As seen in these state and federal level examples, the alternative to the taken-for-granted assumption that weak-federal or decentralized IT governance is superior is a return to a more strong-federal or centralized IT governance model. Two critical factors enable this opportunity and make it the ideal time to do so. First, the IT governance structures are in place to support a more centralized model. Second, technological advances have provided tools and techniques that lead to greater centralization.IT governance within the U.S. federal government has developed extensively over the last twenty years (and has been matched by similar developments at the state and local levels), setting the stage for a return to more centralized IT governance. The Clinger-Cohen Act was passed by Congress in February 1996 with the direction for agencies to establish clear and demonstrable accountability for IT management through the appointment of agency CIOs. The E-Government Act was enacted in December 2002, mandating the creation of both the position of Federal CIO and the CIO Council, the latter including the Federal CIO and all agency CIOs. In February 2009 a Presidential Executive Order established the position of U.S. Chief Technology Officer (CTO).
Dr. James S. Denford is an associate professor and interim dean of Continuing Studies at the Royal Military College of Canada (RMC). He holds a PhD in MIS from Queen's Smith School of Business. Prior to joining academe, he spent 24 years as an Army officer in the Royal Canadian Corps of Signals managing and deploying tactical and operational CIS, creating and conducting IT training, and developing and leading two defense research labs.
Most recently, the Federal IT Acquisition Reform Act (FITARA) was enacted in December 2014, reforming a number of issues with the management and oversight of federal IT. While it did not mandate any new IT governance structures, one of its key provisions is to increase the responsibility, accountability and authority of the CIO in federal agencies by providing them with budget authority over IT programs, which have historically been outside of their control. The CIO Council has also been reinvigorated by requiring it to define common standards and practices for commodity IT resources. So since the high-water mark of decentralization in the mid-1990s, CIOs have been increasingly both made responsible for and empowered to provide strategic leadership and effective management of the IT function.
In addition to structural advances, technology has moved on to both require and enable centralization. Fifty years of exponentially increasing processing speed, mass storage capacity and bandwidth availability paired with exponentially decreasing costs of the same have brought us full-circle by enabling public and private cloud computing. We are currently seeing a move in government computing first to data center centralization enabled by server virtualization and high-capacity bandwidth, followed by movement to managed services of those data centers augmented by cloud, and finally to hybrid or full cloud solutions. With all the “as-a-service” models enabled by cloud computing available, we are conceptually back to mass storage and centralized processing of the IBM System/360 era and, therefore, ripe for structural alignment towards more centralized IT governance and management models.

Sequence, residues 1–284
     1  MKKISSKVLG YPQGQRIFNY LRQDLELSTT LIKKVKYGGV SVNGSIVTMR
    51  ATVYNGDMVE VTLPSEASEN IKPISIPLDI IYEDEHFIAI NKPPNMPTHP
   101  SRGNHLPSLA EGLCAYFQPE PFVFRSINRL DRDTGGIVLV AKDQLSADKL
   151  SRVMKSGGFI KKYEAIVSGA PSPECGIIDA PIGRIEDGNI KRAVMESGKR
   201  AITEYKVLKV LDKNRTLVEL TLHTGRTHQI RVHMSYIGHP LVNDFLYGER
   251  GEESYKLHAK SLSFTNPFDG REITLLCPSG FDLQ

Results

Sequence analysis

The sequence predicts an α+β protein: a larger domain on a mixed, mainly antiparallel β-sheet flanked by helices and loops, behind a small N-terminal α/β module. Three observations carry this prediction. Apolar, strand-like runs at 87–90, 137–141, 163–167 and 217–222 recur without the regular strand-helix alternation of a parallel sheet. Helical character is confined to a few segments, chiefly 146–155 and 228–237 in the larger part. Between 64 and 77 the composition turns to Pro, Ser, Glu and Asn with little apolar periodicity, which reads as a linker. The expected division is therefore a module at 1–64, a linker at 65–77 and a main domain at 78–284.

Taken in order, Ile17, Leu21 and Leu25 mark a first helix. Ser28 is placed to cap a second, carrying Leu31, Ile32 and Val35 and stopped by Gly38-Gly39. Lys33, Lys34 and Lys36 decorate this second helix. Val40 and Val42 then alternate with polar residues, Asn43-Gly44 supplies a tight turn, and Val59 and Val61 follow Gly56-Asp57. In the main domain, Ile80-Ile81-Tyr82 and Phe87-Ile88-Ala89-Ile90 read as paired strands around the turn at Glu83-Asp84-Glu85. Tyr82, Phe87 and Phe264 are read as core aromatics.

The February 2011 Federal Cloud Computing Strategy starts this conversation, but couches it language that would be non-threatening to agencies.4 Terms such as “centralized,” “standardized,” and “consolidated” are found throughout the document, but direction to centralize is implicit, noting that agency readiness will be subject to having a supportive change management culture. Stable, long-term governance is discussed, with the requirement for individuals and committees to have explicitly-defined roles, non-overlapping responsibilities, and a clear decision-making hierarchy. Various functions in executing the strategy can be seen in the allocation of decision rights and responsibilities: cloud computing standards to the National Institute of Standards and Technology (NIST); government wide cloud-computing procurement vehicle development to the General Service Administration (GSA); leadership of government-wide adoption to the Federal CIO Council; and overall prioritization and coordination to the Office of Management and Budget (OMB).
The same technologies that CIOs are developing, implementing and managing to improve the flow of information for government and citizens in general are also enabling their own capabilities to direct, coordinate and collaborate across large organizations. Whereas IT implementation was previously focused on IT infrastructure, citizen-facing applications and back-office support, increasingly IT projects are also addressing needs for collaboration, communication and decision making for both the agency and IT. With this increased flow of information comes the ability to better coordinate and hence centralize governance.
The pendulum has long-since swung away from decentralization and back to centralization, but we have been slow to recognize it and adapt. A decentralized approach is unsuited to a future IT environment characterized by continual reduction of on-premises systems, near limitless bandwidth, and the majority of government systems migrated to the cloud. In order to recognize benefits including standardization, efficiencies of scale and scope, and lower coordination costs, we must act now to structurally align our IT governance to the new realities of cloud-based centralization. We must acknowledge that centralized IT governance is the superior model and that decentralization is an idea that needs to die.
1See IT Governance Institute. 2003. Board Briefing on IT Governance, 2nd Edition.
2Stacey White, 2011. Government Decentralization in the 21st Century: A Literature Review. Center for Strategic & International Studies.
3Denford, JS, Dawson, GS and Desouza, KC, 2015. An Argument for Centralization of IT Governance in the Public Sector. 48th Hawaii International Conference on System Sciences.
4Kundra, Vivek, 2011. Federal Cloud Computing Strategy. Office of Management and Budget.